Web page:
Bullfrogs Strong (BS) commented that the project could attract more blue herons, which prey without mercy on bullfrogs. BS calls for an investigation of the disappearance of Ms. Havisham, a female bullfrog who hasn't been seen since late last year. BS complains that the project might lure bullfrogs from a nearby creek, and those lured frogs are at risk of attacks from cats during their journey through the neighborhood to the project site. BS calls for anti-heron and cat measures to be incorporated into the project.
As the commentor admitted, Ms. Havisham is not longer residing on the subject property. Since no bullfrogs currently occupy the project vicinity, BS lacks standing to object to any aspect of this project. In addition, as far as the developer is concerned, bullfrogs are an invasive species. Frankly, we are happy to consider you as heron bait, we hope that garter snakes also show up to prey on you, and we are tired of responding to BS.
The Congress of Oregon Juncoes (COJ) commented that the prior landscaping project destroyed potential or actual nesting sites, and those losses weren't mitigated. The arborvitae removal also destroyed bird habitat. The project developer is a fugitive from ongoing legal proceedings in Bullfrog Court, and the project should be stayed, until those proceedings have concluded.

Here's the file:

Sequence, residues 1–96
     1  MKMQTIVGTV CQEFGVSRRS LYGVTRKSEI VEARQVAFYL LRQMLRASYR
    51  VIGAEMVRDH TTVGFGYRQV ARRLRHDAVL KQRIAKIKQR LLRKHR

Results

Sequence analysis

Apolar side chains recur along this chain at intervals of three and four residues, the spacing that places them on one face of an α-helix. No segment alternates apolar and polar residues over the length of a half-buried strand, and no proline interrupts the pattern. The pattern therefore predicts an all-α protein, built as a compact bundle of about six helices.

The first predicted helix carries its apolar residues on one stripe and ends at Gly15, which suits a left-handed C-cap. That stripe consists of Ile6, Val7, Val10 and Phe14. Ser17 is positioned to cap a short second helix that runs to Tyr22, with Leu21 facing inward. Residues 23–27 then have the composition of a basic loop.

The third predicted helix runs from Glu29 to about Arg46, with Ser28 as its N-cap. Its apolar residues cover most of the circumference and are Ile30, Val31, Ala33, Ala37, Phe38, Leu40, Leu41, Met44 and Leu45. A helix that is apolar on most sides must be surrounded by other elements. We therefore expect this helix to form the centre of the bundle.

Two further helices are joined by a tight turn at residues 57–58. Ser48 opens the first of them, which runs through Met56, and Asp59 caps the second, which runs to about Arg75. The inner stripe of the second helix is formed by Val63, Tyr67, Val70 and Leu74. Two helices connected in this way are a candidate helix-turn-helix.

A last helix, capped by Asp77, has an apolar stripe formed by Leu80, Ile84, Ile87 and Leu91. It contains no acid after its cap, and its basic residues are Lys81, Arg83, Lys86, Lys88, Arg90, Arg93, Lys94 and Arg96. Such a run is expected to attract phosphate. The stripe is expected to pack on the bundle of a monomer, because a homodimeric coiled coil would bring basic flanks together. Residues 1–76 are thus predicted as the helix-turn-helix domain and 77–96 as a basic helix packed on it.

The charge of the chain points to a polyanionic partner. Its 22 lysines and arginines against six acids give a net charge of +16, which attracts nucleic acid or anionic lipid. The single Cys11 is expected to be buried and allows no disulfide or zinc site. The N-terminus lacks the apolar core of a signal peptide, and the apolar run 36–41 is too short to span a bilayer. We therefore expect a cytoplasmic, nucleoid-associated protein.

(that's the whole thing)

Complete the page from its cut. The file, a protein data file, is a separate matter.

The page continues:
The arborvitae were examined prior to removal, and there wasn't a single birds' nest in those scrawny trees. The developer has increased the project's size from .0002 to .003 acres. Robins are already frequenting the waterfall even though it isn't activated yet. We note that a juncoe makes frequent use of a much smaller birdbath near the project owner's front door, when that same juncoe isn't shitting on the owner's doorknob. The project's shallow stream bed will provide additional birdbath habitat. Also please see references to the improved pear tree habitat in Response #1.
Regarding the pending charges in Bullfrog Court, we feel, as described in Response #2, that Bullfrogs lack jurisdiction in this matter. In any event the creation and enhancement of the project wetlands should fully mitigate for the prior losses of the marginal lamb's ear habitat.
Native and Innocent Frogs (NAIF) support the project. We promise to inhabit it and keep you up all night with our happy choruses.
Thanks for your support. Please eat lots of slugs and wasps.
Lots of Angry Wasps (LAW) endorse the project and its likely supplies of fresh mud for hive construction.
We have plans for you. Please also see the response to NAIF.
Massive Army of Slugs (MAS) approves of the project's design, and we intend to take advantage of the liner as a wet place to hide under, away from the daytime sun.
Please see the above responses to LAW and NAIF.
"Spotlight on Green News & Views" will be posted every Saturday and Wednesday at 1:00 pm Pacific Time on the Daily Kos front page. Be sure to recommend and comment in the diary.
Now It's Your Turn What's interesting to you? Please post your own observations and your general location in the comments.
Thank you for reading. I'll work this morning so I'll respond to comments before lunchtime, PDT.